Charlie has helped with our parrel beads and now the dead eyes. Next project will be belaying pins. He has an awesome wood lathe perfect for the job.
The dead eyes are for the standing rigging. We will have 10 sets for our rig; 3 for the main and 2 for the mizzen. Dead eyes are traditional and today most boats use turnbuckles to tension their rig.
The top eye will have a rounded groove around the outside to receive the wire stay and the lower eye will have a 90 degree flat groove for the bracket that attaches it to the chainplates. A line is looped through the holes, called a lanyard, and knotted at the start then tensioned at the other end either fastened up to the stay or back on itself once the rig is tightened. To the right is just a demonstration. Our dead eyes will be about 3 3/4” round with 1/2” holes. Three strand line is what we’ll use for the line to stay traditional. Most likely our stays are looking like we’ll make out of 3/8in galvy wire.
First step was getting ruff blocks out of our 2×6 stock of black locust then using the template Charlie made in accordance with the grain pattern we want we marked the top and hammered a pin in the three places we wanted the holes.
Charlie also made a template for his lathe to cut the dead eyes round. Securing two bolts, locked the dead eye to the lathe and after a few passes we got down to the width we wanted.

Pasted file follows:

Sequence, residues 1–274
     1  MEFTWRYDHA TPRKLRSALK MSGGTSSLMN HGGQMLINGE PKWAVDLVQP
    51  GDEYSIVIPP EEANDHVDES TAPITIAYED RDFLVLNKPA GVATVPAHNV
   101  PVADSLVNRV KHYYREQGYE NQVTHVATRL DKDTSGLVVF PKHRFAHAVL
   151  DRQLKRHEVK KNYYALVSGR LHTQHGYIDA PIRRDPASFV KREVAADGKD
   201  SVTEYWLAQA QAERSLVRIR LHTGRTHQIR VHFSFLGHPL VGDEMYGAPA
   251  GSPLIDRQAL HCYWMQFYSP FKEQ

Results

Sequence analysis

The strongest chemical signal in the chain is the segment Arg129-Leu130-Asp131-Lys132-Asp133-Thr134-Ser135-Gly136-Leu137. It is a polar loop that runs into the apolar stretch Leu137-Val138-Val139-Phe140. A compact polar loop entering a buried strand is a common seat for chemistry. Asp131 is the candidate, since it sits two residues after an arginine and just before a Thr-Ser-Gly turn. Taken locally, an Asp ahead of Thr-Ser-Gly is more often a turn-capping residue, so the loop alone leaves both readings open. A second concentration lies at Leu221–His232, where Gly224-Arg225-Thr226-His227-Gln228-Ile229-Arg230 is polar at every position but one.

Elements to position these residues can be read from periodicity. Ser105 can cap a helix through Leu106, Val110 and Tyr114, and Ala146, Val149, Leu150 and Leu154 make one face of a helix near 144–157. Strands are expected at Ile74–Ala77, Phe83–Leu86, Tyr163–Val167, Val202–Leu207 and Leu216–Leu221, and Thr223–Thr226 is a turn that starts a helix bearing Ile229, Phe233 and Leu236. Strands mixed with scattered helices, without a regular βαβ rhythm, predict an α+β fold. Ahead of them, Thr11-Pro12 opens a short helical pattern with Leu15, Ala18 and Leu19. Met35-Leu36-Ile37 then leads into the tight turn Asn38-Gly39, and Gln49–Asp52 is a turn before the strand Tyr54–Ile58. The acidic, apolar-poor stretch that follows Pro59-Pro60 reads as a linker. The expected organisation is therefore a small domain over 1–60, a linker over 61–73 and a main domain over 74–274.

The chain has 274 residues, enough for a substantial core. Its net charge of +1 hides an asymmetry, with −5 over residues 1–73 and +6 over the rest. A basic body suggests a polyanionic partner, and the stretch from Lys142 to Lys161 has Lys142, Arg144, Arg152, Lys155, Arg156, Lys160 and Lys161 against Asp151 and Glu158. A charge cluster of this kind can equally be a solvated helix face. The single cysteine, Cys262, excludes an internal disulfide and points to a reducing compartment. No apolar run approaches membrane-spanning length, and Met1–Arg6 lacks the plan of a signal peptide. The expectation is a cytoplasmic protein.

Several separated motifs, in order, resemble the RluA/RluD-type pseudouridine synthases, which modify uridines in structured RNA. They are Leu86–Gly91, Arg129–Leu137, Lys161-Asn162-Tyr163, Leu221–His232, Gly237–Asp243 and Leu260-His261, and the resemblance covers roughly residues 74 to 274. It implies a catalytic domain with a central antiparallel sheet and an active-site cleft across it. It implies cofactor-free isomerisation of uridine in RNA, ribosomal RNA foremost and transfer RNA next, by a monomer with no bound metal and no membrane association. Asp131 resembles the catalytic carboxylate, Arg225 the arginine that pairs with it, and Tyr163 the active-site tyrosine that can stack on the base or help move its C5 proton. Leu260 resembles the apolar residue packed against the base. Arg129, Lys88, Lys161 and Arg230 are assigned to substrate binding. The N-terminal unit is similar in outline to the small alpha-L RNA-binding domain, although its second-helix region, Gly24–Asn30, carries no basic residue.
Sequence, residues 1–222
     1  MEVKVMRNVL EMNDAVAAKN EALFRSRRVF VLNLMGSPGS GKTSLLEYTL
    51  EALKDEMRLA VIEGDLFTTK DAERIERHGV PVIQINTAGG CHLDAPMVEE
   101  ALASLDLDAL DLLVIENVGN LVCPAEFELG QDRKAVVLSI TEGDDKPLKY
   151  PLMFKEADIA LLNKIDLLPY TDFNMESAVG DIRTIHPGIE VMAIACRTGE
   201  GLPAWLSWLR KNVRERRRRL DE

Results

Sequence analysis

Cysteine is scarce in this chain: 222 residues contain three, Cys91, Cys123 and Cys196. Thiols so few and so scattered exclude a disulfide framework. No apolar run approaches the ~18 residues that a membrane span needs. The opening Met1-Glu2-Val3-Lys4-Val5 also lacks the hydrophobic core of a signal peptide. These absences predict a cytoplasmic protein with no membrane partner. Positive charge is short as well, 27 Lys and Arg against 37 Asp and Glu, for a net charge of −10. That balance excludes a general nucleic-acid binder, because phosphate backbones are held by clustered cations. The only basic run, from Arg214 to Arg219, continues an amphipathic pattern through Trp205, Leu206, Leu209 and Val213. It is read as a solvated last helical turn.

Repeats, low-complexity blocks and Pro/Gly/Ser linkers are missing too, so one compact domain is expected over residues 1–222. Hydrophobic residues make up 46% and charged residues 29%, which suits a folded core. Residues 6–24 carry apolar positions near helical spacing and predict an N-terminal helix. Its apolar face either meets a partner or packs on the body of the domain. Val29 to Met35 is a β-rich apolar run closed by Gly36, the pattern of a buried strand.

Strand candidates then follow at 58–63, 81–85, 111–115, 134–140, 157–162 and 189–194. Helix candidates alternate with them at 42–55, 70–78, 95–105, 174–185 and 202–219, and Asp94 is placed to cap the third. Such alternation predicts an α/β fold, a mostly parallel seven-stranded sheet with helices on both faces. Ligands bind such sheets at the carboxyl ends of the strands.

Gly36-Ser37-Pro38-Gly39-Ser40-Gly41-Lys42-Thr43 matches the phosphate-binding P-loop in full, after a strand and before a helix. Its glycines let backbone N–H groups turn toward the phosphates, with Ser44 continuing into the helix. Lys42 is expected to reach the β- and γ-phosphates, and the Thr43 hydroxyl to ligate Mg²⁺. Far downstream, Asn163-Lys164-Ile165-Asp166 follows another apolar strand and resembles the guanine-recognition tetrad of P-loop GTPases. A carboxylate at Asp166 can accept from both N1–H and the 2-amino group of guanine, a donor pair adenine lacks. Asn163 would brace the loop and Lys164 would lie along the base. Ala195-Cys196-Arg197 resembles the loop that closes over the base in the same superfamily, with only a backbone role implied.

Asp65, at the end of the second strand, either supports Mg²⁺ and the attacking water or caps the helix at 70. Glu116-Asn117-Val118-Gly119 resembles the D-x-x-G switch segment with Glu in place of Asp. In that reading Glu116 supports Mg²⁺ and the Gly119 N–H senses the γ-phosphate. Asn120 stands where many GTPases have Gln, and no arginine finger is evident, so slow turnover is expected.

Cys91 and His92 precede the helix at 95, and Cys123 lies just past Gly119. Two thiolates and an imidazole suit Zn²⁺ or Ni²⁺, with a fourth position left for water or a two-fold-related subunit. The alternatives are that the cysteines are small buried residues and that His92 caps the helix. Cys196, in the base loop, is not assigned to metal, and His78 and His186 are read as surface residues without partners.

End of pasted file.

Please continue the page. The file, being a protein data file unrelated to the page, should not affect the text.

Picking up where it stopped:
Charlie taught me how to mark the ruff blocks so he could start drilling the holes while Garrett finished cutting the blocks.
We danced around Charlie’s shop in unison. Garrett took over drilling holes and Charlie switched to the bandsaw to get our ruff circular shape before moving onto the lathe.
Are you starting to see it?
Then to the coolest machine. The lathe. Rounding the dead eyes took a couple passes.
It was a great day! Charlie is a monster of efficiency. Garrett continued cutting the ruff shape with the bandsaw then passing them onto Charlie.
It wasn’t before long that we had a whole tray of deadeyes. We didn’t totally finish the job this day but we got pretty far!
The final step we got to that day was as Charlie finished rounding on the lathe he passed them back to Garrett to take them to the router to smooth the edges.
Here’s the before edge rounding and after:
Next time we’ll cut the grooves on the top and bottom eyes and also add the soft groove where the lanyard passes through the holes of the dead eye. Garrett wanted to do a little more research for the appropriate size bracket for our bottom eye where it’d attach to the chainplate before we cut the groove. It was really nice doing a project for the boat but away from the boat. We’ve still been having off and on rainy days so this helped keep the sanity cup full 😉
All 10 sets are rounded into shape with 5 extra eyes to spare in case we break any down the line. One step closer to raising the masts therefore closer to sailing!!!!
Thank you Charlie!